New learning space offers more than a 'fancy classroom'
By Adela Talbot
April 10, 2014
A new project from Western’s Teaching Support Centre promises to bring an innovative, state-of-the-art teaching space to campus, one that will revamp the classroom experience for students and faculty alike.
Western Active Learning Space (WALS), a new, general-use classroom currently under construction in the basement of the University Community Centre (UCC), is the result of a Productivity and Innovation Fund grant, valued at roughly $250,000, from the Ministry of Training, Colleges and Universities.
The university has matched the grant to assist in the creation of this new classroom, marking “the beginning of a new era in student-centred active learning and technology-enhanced teaching,” said Stephanie Oliver, an assistant on the WALS project, who completed her PhD in English at Western this year.
“It is much more than a fancy classroom with all the bells and whistles. The focus in this classroom is as much about active learning and collaboration, as it is about technology,” said Wendy Crocker, a curriculum and e-learning specialist in the Teaching Support Centre.
The room features an open-concept space in which there is no front or back of the room. A handful of tables are evenly dispersed, set up around short-throw projectors and boards. Each table has its own laptop and accommodates up to six students.
The classroom, once completed, will also feature an adjacent observation room, making the space somewhat of a lab where research can be conducted on pedagogy and technology enhanced learning.
“What makes WALS special is the focus on student-centred learning and collaboration and a shift in pedagogy from a traditional lecture style to students being involved in their own learning,” Crocker said. “Students are on much like a teacher is on. There’s very much an expectation that you’re going to participate.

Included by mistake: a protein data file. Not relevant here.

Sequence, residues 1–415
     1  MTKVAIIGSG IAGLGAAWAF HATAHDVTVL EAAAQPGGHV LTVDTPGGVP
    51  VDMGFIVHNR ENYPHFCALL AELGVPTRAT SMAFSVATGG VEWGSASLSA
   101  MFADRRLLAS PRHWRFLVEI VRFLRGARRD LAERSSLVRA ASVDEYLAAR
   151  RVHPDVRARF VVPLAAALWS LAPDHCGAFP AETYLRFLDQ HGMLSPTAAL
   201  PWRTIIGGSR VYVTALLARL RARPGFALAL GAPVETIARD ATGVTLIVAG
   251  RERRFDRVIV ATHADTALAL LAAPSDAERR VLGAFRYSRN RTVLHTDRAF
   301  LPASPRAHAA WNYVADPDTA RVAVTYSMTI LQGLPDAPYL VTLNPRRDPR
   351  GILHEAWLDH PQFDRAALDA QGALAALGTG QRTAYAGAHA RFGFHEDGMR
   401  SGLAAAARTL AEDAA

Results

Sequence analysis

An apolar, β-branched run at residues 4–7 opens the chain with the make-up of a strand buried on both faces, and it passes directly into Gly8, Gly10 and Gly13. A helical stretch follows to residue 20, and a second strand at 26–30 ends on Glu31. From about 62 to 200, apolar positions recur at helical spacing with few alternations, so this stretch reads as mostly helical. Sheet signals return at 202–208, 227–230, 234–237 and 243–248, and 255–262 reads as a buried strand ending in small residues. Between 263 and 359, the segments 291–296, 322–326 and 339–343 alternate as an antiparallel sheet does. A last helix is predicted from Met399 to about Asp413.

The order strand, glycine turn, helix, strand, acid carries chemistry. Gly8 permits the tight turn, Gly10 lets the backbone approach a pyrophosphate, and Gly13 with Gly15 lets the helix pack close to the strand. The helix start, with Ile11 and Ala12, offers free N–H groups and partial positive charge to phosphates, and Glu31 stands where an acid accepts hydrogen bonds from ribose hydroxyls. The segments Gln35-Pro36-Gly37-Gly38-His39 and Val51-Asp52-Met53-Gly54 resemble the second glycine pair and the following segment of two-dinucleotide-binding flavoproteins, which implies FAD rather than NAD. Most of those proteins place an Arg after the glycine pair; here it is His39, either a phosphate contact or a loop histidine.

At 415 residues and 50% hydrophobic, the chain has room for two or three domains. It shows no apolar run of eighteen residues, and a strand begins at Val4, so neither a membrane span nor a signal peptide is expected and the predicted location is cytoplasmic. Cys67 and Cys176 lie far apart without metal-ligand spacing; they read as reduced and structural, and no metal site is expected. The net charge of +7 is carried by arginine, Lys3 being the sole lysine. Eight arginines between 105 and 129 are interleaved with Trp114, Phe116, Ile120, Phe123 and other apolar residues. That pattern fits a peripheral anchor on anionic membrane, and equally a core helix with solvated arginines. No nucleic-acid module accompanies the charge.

“You want students engaged in their own learning. You want them exploring, learning, using the internet as a tool, using Blackboard Collaborate to talk to other groups of students or other institutions. Being able to all focus on that together – we don’t have that kind of facility at Western yet. This is blazing the trail.”
Because the room is set up with no front or back, the instructor must find a way to continually engage with everyone, she explained. The set-up also means students can’t be passive observers in the classroom because they can’t hide out in the back.
“WALS is kind of a play on words, because we also wanted to say that this is a classroom that’s going to transcend typical classroom walls, and take learning beyond a fixed space,” Crocker continued.
“And this is one of the few spaces that’s been built since the Accessibility for Ontarians with Disabilities Act (AODA) legislation, so we wanted to ensure this was a classroom where anyone could participate, with room for assistive devices, dogs.”
Students and faculty from all disciplines have come forward expressing interest. They see WALS as an innovative way to structure teaching and learning, Oliver added.
The UCC classroom will officially open in the fall. In the meantime, a smaller model of it exists within the Teaching Support Centre, inside the D.B. Weldon Library, where there will be an open house from 12-2 p.m. Monday, April 14. Drop-in sessions for students and faculty will follow during the week.
“Come hook-up and see what this will do,” Crocker said.
A WALS website, located at uwo.ca/wals, will go live next week and there will be online and in-person support available to those who wish to try out the space, Oliver added.
8:30 a.m. to 5 p.m.
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